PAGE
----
06/12/2016 - Article
Agro-ecology is a scientific priority for both CIRAD and INRA. In both North and South, the agro-ecological approach is key to the development of sustainable, versatile farming systems. It has established a new paradigm for designing sustainable food systems. With this in mind, CIRAD and INRA have identified five lines of research: biodiversity; the main bio-geochemical cycles; landscapes and territories; production systems; and innovation systems.
CIRAD and INRA have released a guidance paper that pinpoints agro-ecology as one of their main scientific priorities, in line with:
The two research organizations are convinced that agro-ecology is a way of switching to sustainable, versatile farming systems, in both northern and southern countries. In industrialized countries, high agricultural productivity has meant biodiversity losses, standardization, increasingly artificial landscapes, and pollution (soil, air, water). The aim is to strike a better compromise between agriculture and the environment in a context of modernization, homogenization and specialization, in which 2.5% of the population work in agriculture.
In the South, many countries are facing contrasting climates, a population explosion and a lack of investment. Rural employment and poverty are major development issues. The aim is to help small-scale family farmers adapt to climate change without reproducing some of the deadlocks resulting from productivist models.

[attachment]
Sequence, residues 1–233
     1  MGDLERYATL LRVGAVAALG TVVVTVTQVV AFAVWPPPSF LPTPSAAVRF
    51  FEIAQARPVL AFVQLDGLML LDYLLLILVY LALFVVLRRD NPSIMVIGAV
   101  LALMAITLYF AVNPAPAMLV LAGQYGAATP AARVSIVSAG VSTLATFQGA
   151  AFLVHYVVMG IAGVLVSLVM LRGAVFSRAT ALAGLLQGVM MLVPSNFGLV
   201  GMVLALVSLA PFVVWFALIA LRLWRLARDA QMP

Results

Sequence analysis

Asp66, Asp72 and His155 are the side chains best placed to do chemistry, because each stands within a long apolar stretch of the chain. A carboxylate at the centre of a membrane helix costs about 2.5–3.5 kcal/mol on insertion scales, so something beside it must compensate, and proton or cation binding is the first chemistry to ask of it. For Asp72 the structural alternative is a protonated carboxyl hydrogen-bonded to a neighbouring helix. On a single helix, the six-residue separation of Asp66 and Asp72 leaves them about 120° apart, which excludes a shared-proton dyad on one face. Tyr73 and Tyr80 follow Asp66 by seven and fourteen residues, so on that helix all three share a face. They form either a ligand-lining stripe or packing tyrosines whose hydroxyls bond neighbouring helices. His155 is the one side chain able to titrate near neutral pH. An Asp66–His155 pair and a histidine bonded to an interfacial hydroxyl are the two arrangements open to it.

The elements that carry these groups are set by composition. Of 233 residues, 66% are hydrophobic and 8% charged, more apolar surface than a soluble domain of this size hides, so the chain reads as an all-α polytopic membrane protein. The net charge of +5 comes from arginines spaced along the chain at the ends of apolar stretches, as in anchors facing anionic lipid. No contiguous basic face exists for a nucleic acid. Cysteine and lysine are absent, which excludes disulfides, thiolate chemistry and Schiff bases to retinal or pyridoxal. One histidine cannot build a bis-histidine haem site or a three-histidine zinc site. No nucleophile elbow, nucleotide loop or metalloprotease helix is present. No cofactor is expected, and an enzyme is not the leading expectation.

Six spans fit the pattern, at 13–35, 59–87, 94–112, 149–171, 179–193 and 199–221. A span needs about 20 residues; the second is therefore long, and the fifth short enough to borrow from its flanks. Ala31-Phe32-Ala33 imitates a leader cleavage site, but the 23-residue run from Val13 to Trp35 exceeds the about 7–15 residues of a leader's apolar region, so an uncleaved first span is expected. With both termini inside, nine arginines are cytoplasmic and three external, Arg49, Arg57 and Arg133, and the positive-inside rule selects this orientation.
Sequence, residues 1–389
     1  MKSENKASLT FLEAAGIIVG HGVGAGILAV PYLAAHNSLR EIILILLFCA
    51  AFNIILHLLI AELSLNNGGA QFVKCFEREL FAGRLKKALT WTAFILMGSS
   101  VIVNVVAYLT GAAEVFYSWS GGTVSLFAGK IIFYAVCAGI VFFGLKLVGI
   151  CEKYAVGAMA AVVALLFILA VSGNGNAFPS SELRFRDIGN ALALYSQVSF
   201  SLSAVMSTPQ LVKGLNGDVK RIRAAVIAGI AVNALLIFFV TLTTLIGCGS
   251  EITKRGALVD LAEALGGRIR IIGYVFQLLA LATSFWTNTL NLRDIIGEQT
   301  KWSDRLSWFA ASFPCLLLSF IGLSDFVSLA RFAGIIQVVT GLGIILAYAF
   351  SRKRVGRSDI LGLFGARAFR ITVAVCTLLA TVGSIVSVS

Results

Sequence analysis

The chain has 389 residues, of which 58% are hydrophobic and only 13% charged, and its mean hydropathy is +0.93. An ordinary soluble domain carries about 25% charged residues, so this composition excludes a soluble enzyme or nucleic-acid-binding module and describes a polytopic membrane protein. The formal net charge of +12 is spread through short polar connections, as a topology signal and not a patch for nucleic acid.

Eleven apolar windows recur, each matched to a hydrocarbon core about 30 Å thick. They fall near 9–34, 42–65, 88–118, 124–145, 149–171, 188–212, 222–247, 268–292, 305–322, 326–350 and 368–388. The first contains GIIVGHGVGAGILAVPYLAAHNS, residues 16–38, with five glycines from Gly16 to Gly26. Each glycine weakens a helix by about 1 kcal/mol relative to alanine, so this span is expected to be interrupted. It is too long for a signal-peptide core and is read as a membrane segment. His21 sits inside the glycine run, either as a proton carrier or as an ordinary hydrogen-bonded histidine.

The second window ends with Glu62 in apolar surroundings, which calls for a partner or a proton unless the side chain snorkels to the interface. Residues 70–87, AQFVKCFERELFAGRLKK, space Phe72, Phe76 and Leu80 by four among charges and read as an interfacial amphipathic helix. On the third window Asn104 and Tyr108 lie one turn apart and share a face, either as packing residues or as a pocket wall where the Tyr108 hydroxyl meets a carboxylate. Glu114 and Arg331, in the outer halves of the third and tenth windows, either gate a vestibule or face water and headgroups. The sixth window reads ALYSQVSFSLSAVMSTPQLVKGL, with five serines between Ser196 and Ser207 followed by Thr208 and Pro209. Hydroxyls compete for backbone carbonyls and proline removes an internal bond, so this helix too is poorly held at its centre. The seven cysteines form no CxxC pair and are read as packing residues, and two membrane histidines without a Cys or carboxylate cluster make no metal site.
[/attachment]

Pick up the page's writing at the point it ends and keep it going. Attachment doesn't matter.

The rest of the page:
Within this framework, CIRAD and INRA have identified five lines of research in support of the agro-ecological transition:
As a scientific discipline, agro-ecology is often seen as a cross between ecology and agronomy, with a view to designing and managing sustainable agro-ecosystems. It also calls upon the economic and social sciences in order to come up with versatile systems and foster their deployment through appropriate public policy and support.
For both organizations, agro-ecology is a rapidly developing research topic, with almost 450 articles referenced in 2014.